We started this week with a slippery surprise in the park. Our warm days and cold nights have created some pretty icy conditions out there. The children noticed immediately that not only was the snow hard to play with, it was hard even to walk on! Our mornings were mostly spent sliding around and figuring out how to navigate the slippery field. Some of the children went hunting sticks to help them with walking. They soon discovered that while the snow wasn’t great for playing in, the sticks made servicable digging tools and they quickly went to work making holes in the piles of snow left over from last week. Fortunately, it was warm enough that we were able to eat snack without the tent again. We even had a problem with having the sun in our eyes on one day. It wasn’t the worst problem to have on a chilly January morning.

On Thursday, Miss Krystal went exploring around the ponderosa and juniper trees in the field and found something very exciting. She found two owl pellets! We left one where it was but we took the other to the picnic table to take apart with the children. We found many small mammal bones, mouse or shrew we guessed, and even most of a skull. The book we have been reading this book has an illustration of an owl pellet in it, so we took out our story and showed the children how the pellet looked a bit different in real life. We also discussed why owls make pellets, how they can’t properly digest the bones or fur so they have a special organ called a gizzard where the pellets are formed and then they’re spit up, sometimes for lucky preschool children to find!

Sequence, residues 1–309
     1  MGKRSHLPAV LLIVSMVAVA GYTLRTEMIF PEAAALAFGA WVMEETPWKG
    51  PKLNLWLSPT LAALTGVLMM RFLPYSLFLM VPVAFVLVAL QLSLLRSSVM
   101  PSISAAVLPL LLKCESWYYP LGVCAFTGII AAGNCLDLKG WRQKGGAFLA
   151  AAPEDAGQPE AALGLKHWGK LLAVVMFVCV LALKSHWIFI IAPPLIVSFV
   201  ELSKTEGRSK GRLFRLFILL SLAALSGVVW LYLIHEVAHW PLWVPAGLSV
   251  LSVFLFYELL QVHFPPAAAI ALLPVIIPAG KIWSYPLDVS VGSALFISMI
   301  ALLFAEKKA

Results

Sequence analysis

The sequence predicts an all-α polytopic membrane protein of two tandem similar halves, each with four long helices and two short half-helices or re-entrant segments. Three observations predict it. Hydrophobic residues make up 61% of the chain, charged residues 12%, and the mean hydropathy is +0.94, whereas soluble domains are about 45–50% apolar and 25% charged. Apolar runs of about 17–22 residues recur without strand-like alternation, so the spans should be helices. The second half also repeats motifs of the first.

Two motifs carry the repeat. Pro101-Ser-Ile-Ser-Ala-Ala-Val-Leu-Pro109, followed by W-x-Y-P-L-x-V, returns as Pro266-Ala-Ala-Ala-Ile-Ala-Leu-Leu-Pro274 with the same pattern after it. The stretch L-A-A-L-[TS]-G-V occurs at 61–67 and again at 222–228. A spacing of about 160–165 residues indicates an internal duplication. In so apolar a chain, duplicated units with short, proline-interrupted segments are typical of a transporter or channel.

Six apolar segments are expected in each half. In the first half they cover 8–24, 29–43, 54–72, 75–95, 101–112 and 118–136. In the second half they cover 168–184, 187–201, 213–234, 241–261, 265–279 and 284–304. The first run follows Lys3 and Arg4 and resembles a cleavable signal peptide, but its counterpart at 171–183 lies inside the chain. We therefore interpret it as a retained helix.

This week was also our first week at out new play sites. Our Monday class headed off to Cottonwood Forest to see how winter had changed it. When we last saw Cottonwood Forest, it was all golden. Golden brown grasses, grown long in the last few weeks of summer and warm autumn, and golden leaves raining down on our heads as the Cottonwood trees shed their canopies and settled down for their long winter’s slumber. When we arrived there this week, the Cottonwood trees were tucked in under a thick blanket of snow. The ground showed that not even the dogs that frequent the park all day had spent much time in amongst the trees this winter. As always, the first place the children returned to was the juniper tree. This mighty, twisted juniper is an old friend to many of the children and a favourite place to climb and play. More than one child discovered the joy of climbing trees in the safety of it’s wide, sloping, tangled branches. But Miss Krystal had a surprise up her sleeve this week, or rather, in her backpack. She brought tempura paint powder to sprinkle on the snow!